All services businesses are trying to grow revenue and profit.  One of the easiest ways to accomplish this objective is to sell a new product to an existing customer. This post discusses a new service being offered in the U.S. by Verizon to its Fios customers.

If the first rule of growing services businesses is to sell new products to existing customers, then the second rule has to be the new products should be “adjacent” to existing services.  And here, adjacent means next to or sharing edges with the first product.  Now let me show you what all this means.

Technical Support at Verizon 

As you might expect, Verizon provides technical support for its network and the components at the end of the “last mile.”  This includes set-top boxes, routers, and telephones.  So, what kinds of products can be supported by an adjacent technical support service?  Take a look at an email offer I received the other day:

That’s right, they are now supporting non-Verizon products that are generally connected to the Internet. I was curious when I received the email invitation so I click the link and went to Verizon’s website.  Here is more of the story (I added the orange colored cloud box highlighting the new service’s value proposition):

Two observations  

First, there is no mention of any qualifications for the people who will answer my calls.  I use a Mac; what do they know about that product?  What about Office for a Mac?  If they are well qualified, then Verizon should tout that fact, even if they say, “We always have both PC and Mac certified techs on call.”  And, of course, there are about one gazillion makes and models of printers, smart devices, and gaming stations that they will support.

If they are serious about this offer, they should provide real testimonials from real people.  Otherwise, people like me will be very skeptical about the support staff’s capabilities and they will not even probe further.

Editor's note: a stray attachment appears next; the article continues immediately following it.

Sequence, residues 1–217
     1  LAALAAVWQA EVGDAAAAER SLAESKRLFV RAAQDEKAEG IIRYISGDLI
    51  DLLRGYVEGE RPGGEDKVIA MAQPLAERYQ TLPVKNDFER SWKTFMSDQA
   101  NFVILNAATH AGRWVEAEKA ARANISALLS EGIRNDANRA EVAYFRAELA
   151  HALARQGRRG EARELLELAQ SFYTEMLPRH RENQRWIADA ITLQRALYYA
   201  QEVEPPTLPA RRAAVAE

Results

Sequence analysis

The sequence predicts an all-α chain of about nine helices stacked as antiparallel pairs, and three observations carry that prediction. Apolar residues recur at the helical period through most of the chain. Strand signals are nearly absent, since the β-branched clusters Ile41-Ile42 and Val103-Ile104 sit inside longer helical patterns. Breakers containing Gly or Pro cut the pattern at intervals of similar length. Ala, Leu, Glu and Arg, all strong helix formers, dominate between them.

The second thing I noticed is that Verizon really likes to charge $10/month for its subscription add-on services.  For example, cable companies charge customers different prices depending on the Internet speed they purchase.  Here is the current Verizon offer:

Basic Internet service (50/50Mbps) costs $49.99.  The next highest available speed is 100/100Mbps and costs an additional $10.00 and the next available speed is 150/150Mbps at an additional (you guessed it!) $10.00.  Beyond that, the cost increases dramatically because new, expensive routers are required.

Another example is the second router used to extend the Internet signal around your home.  I recently added the extended and boy was it easy to install. I can now report that it has made a significant improvement in our signal levels in the areas where we previously had poor signal strength.  Here is the advertisement for the device:

And the monthly cost is only $10.00.

The problem with charging $10/month for all or most add-ons is that there is no indication of the relative value each service provides the customer.  For example, I feel that a very capable 24/7 support for all my connected devices is much more valuable than a 50Mbps speed increase, which I will barely notice. That lack of price differentiation raises questions that may cause potential purchasers to pass up the offer.

Key Takeaways

When presenting a new offer in an area where the customer has prior experience with your company, whether it is adding products to Tech Support or a new type of B2B service contract, it is important to convince your prospect that your organization can competently deliver the service.

And your pricing should reflect the value your customer will enjoy and not something that sounds good to Marketing.

If you have any questions or would like to discuss this further, please email me.